Coming soon to a theater near you: “CEIOPs S2”! Sound scary?
Some in the insurance industry think so, and it has U.S. regulators afraid of what’s behind the door. Actually, CEIOPS S2 is short for the Committee of European Insurance and Occupational Pensions Supervisors and its spawn, the Solvency II project.
After years of study, Solvency II was officially adopted by the European Union in 2007. Its aim: to create a comprehensive and far-reaching reform package that would remove obstacles to an efficiently functioning insurance and reinsurance market while improving supervision and oversight of risk. In announcing the project, the EU said it would close the huge gap between how insurers manage risk and how they are regulated, and would serve as a model for worldwide supervision of the industry.
Solvency II introduces risk-based solvency requirements across all EU members. The total balance sheet approach takes into consideration both asset-side risks and liability-side risks. It extends the definition of risk to include market risk, credit risk and operational risk as, well as insurance risk. Insurers will be required to hold capital against all of these risks.
On the upside, the EU says there are competitive advantages to the insurer. The better a company manages its risks and the more diversified it is, the less capital it may have to put up.
The financial crisis, however, was a game changer. It’s unlikely that insurers will see their capital lowered. Last year, a CEIOPS proposal called for a 70% increase in capital levels over what was recommended in an earlier study. Although it’s expected that the next impact study will recommend capital requirements lower than that, the levels are likely to be much higher than initially assumed.
Clara Hughes of Fitch Ratings says a likely outcome of higher capital levels will be consolidation in the European market among smaller insurers struggling with the cost of compliance and raising the capital needed to meet the higher solvency requirements. Also, higher capital levels could result in insurers hedging assets and liability risks—potentially buying more reinsurance—and changing their business mix in favor of less capital-intensive lines of business.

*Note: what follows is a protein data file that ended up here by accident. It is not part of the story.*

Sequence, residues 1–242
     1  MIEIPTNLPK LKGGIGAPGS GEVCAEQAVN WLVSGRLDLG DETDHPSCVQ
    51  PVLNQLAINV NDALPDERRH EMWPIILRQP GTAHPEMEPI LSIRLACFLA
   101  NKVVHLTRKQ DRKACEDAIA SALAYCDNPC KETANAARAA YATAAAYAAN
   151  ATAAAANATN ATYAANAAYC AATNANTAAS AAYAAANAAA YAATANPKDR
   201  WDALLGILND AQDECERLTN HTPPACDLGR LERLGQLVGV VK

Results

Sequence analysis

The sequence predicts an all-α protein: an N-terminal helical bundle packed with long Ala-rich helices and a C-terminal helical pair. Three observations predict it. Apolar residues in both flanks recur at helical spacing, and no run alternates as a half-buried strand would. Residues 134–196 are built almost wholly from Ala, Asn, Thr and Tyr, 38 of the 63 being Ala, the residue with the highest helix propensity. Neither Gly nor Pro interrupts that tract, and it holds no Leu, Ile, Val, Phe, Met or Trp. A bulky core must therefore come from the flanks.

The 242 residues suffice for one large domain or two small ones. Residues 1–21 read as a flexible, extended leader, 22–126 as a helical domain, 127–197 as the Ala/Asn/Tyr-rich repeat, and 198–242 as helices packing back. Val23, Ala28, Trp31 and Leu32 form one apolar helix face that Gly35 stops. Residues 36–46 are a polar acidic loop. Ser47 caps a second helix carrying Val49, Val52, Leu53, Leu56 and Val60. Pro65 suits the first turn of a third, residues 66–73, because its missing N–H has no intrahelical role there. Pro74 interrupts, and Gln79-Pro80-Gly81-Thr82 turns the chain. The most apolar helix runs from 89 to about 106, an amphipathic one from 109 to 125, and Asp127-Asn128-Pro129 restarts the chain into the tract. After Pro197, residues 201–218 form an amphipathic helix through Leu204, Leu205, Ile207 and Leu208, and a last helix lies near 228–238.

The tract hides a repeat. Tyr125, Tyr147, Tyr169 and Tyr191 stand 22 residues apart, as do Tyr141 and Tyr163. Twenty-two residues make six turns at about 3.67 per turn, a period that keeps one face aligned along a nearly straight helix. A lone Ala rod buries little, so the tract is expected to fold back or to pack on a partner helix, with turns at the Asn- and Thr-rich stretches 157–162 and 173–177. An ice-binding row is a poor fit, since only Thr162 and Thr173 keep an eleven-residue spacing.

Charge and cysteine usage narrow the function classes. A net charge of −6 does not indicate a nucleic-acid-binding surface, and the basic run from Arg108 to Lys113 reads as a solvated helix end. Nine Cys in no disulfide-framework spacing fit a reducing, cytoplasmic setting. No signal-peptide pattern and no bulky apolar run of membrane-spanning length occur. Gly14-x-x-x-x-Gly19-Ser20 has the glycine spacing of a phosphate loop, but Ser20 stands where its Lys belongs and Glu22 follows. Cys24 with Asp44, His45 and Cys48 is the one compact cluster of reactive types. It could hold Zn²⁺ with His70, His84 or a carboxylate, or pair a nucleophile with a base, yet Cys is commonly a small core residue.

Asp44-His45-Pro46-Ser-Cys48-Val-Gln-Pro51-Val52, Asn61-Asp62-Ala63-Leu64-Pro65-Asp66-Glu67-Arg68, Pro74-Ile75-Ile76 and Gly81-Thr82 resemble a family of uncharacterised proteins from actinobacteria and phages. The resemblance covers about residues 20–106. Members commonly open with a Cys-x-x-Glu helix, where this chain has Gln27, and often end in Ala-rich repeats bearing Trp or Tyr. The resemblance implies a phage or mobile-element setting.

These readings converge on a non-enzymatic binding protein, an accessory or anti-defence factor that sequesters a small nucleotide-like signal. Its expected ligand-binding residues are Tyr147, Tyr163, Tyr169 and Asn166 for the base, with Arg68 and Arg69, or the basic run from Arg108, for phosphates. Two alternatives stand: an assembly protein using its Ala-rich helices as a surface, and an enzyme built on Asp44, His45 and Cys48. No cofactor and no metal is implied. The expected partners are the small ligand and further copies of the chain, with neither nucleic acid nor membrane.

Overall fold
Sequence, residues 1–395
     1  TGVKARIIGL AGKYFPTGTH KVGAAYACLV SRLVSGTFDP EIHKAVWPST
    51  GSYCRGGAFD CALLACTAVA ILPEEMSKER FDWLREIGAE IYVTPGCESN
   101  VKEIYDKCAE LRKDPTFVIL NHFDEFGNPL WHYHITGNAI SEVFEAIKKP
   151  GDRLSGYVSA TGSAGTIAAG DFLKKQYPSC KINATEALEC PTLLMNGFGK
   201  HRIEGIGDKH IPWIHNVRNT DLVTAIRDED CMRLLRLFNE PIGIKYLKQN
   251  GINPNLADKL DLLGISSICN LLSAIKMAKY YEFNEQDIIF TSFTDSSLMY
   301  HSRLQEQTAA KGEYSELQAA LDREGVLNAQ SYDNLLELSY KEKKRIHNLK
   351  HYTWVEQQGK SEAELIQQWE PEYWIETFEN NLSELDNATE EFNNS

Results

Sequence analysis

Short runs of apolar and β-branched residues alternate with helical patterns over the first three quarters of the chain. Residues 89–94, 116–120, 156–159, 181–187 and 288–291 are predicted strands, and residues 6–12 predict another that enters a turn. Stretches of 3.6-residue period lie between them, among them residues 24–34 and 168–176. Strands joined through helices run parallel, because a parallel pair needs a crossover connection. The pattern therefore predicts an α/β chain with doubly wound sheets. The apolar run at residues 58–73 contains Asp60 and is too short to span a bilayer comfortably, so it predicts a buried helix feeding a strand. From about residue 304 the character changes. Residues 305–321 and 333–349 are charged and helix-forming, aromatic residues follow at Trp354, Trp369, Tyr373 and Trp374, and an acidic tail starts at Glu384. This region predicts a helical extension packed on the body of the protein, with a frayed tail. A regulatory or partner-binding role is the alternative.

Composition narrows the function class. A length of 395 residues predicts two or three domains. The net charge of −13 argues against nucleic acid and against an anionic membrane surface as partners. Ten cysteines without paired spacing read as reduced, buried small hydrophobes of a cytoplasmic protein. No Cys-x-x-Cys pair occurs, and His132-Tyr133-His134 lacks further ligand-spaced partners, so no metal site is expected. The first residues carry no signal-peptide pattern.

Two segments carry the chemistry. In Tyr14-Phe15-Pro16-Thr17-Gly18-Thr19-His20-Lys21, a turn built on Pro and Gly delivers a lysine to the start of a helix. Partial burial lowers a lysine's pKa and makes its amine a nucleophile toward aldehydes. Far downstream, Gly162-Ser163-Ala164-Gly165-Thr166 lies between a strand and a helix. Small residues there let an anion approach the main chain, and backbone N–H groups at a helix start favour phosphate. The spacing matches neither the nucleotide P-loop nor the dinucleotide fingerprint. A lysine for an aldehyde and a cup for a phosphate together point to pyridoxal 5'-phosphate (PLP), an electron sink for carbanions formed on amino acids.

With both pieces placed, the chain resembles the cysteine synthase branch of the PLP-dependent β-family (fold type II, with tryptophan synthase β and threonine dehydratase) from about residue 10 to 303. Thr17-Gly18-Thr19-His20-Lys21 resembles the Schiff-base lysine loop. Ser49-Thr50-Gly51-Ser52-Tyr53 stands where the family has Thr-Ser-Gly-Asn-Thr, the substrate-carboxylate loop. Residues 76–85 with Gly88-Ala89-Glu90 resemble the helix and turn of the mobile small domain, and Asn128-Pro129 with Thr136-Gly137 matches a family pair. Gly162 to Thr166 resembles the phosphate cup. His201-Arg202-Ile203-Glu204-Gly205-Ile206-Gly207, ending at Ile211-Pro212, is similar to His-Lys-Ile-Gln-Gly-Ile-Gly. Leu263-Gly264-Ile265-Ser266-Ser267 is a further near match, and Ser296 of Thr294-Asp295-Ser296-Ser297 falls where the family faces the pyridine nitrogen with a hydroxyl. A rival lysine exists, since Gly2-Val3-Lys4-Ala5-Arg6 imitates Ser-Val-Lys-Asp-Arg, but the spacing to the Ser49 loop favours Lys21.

Risk managers are concerned that higher capital requirements would significantly raise the cost of insurance. FERMA—the Federation of European Risk Management Association—also worries that it will reduce the availability of insurance, particularly for volatile lines.
Despite the concerns and continuing “study” of the impact, Solvency II is scheduled to go viral on December 31, 2012. All European insurers and reinsurers will be subject to the new rules.
But Solvency II’s reach goes far beyond the EU, which raises competitive worries outside the EU community. The requirements also apply to any U.S. or other foreign insurer with European subsidiaries—meaning that U.S. parents with subsidiaries in Europe most likely will have to put up more capital, implement new internal controls, report on internal risk issues and carry out risk and solvency assessments at a group level.
Solvency II also includes an “equivalency” provision, which allows the European Commission to anoint other supervisory authorities outside the EU as having regulatory schemes that meet the EU standards. Unfortunately, the U.S. is not among the first group of countries to be assessed for equivalency, according to CEIOPS. Bermuda and Switzerland are.
Excuse us, but the U.S. is the largest insurance market in the world. Not to include it in the first round of assessments is a serious slight and puts U.S. insurers at a competitive disadvantage. CEIOPS’s rationale is that the U.S.’s state-based system of regulation hampers assessment. Even though the NAIC develops model acts for the states to adopt, CEIOPS still has to deal with more than 50 regulators. It says it simply doesn’t have the resources to do the assessment.
No one understands better than the U.S. insurance industry the limitations of our regulatory scheme. The Council, along with many of our insurer brethren, has fought long and hard for uniformity in the laws and regulations governing us. Complying with multi-state requirements is costly and inefficient.
Certainly, we understand CEIOP’s reluctance to assess the state regulatory schemes. But at a fundamental level, the U.S. is well regulated for solvency. Can it be more uniform? Of course. But the insolvency rate is low, and when an insurer does fail, companies are unwound in a way that least harms the policyholder—a major goal of solvency regulation.
No doubt Solvency II will have a major impact on how we regulate in the states, particularly if it becomes the de facto global regulatory scheme.
However, I have to ask if there are political motives behind the decision to bypass the U.S. Without equivalency, EU insurers will have a competitive advantage over U.S. insurers. CEIOPS needs to revisit the U.S. assessment questions, find the resources and, in the meantime, grant the U.S. temporary equivalence.